Restroom legislation, which makes it state law that truck drivers are afforded restroom access in certain businesses, has been introduced in Washington and Pennsylvania, he said, which helps improve working conditions for drivers.
Other measures, particularly those directly targeting the number of new drivers, were also steps in the right direction, he said, especially as the Department of Labor has rolled out partnerships that help carriers implement such programs.
“One of the big topics for TCA right now is the (young driver) apprenticeship program. It helps educate people on what’s out there and what these trucks can do,” he noted.
“The deterrent and the challenge that’s there with (apprentice) programs is the administrative burden. There’s so many requirements and data you need to provide, as well as registering and getting drivers certified, getting them trained,” he explained. “TCA partnered with Fastport to help carry the administrative burden of the apprenticeship program, and they have been a key player in simplifying those things for carriers to make this more usable. It’s a really good program.”
Bash also sees potential in tapping into underrepresented segments of the population, including women. He says the committee is not only looking for ways to attract more women to truck driving, but also discussing ways to address issues today’s women face when out on the road.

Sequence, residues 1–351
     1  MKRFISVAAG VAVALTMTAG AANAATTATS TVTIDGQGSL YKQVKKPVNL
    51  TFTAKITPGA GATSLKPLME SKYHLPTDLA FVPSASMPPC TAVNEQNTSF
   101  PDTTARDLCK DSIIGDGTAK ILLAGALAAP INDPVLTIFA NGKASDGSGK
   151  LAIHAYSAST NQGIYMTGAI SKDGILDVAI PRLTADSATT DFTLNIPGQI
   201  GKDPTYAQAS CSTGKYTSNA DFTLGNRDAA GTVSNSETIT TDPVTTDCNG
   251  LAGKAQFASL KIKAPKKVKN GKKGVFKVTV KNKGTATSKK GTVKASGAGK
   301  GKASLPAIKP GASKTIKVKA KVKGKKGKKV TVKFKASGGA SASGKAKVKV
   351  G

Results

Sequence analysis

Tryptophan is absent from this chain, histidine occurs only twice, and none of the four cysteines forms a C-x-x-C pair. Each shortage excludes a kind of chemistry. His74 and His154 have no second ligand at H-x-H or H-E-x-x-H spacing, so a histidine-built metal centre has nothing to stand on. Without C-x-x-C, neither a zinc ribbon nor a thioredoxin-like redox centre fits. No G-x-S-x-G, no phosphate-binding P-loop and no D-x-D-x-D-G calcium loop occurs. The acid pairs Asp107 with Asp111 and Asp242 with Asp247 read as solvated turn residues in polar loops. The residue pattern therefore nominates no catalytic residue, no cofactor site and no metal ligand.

“A topic that needs more attention is diversity in the industry, namely women in trucking,” he said. “We’ve had some recent discussions on truck parking as it pertains to women in the industry and how to improve the safety of truck parking. That’s a topic we plan to spend some more time on here in the coming months.”
Trucking’s labor issues won’t be solved by Washington, Bash said, and with but a few exceptions, he gave federal legislators low marks when it comes to proactively helping the industry. Because of this, he issued a call to all TCA members to get involved in the process of crafting solutions through the national committee.
“This is really a call to action to members and those who would be interested in becoming members, to join the recruiting and retention committee,” he said. “Ours is a member-only committee, and our goal is to address the issues and provide products, education, and resources on topics that members want to hear about. We spend a lot of time determining what our members want, what our carriers need, and then providing and serving the trucking community here at TCA.”
Every member of TCA has a voice, and therefore the ability to help shape policies and legislation.
“I’d really like to make this call to action for everyone to get involved, help direct us on issues and topics and to generally be a part of what we’re trying to accomplish,” Bash concluded.
Dwain Hebda is a freelance journalist, author, editor and storyteller in Little Rock, Arkansas. In addition to The Trucker, his work appears in more than 35 publications across multiple states each year. Hebda’s writing has been awarded by the Society of Professional Journalists and a Finalist in Best Of Arkansas rankings by AY Magazine. He is president of Ya!Mule Wordsmiths, which provides editorial services to publications and companies.